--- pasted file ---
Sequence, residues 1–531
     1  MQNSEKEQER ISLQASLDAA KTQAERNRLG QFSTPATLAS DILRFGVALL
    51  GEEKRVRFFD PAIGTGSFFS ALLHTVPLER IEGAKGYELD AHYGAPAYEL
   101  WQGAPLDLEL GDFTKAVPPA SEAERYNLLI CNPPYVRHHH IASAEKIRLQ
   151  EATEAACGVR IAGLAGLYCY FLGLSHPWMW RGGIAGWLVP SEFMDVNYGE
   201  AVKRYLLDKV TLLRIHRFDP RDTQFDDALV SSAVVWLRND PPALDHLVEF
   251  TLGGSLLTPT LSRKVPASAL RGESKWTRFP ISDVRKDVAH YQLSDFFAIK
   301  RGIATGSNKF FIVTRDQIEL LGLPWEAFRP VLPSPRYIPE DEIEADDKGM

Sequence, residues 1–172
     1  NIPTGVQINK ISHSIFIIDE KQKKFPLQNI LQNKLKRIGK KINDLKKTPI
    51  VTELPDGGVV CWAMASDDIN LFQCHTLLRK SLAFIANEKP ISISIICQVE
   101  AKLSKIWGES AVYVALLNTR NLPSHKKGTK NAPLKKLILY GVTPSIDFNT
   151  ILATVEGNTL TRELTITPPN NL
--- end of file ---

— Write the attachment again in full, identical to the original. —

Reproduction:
Sequence, residues 1–531
     1  MQNSEKEQER ISLQASLDAA KTQAERNRLG QFSTPATLAS DILRFGVALL
    51  GEEKRVRFFD PAIGTGSFFS ALLHTVPLER IEGAKGYELD AHYGAPAYEL
   101  WQGAPLDLEL GDFTKAVPPA SEAERYNLLI CNPPYVRHHH IASAEKIRLQ
   151  EATEAACGVR IAGLAGLYCY FLGLSHPWMW RGGIAGWLVP SEFMDVNYGE
   201  AVKRYLLDKV TLLRIHRFDP RDTQFDDALV SSAVVWLRND PPALDHLVEF
   251  TLGGSLLTPT LSRKVPASAL RGESKWTRFP ISDVRKDVAH YQLSDFFAIK
   301  RGIATGSNKF FIVTRDQIEL LGLPWEAFRP VLPSPRYIPE DEIEADDKGM

Sequence, residues 1–172
     1  NIPTGVQINK ISHSIFIIDE KQKKFPLQNI LQNKLKRIGK KINDLKKTPI
    51  VTELPDGGVV CWAMASDDIN LFQCHTLLRK SLAFIANEKP ISISIICQVE
   101  AKLSKIWGES AVYVALLNTR NLPSHKKGTK NAPLKKLILY GVTPSIDFNT
   151  ILATVEGNTL TRELTITPPN NL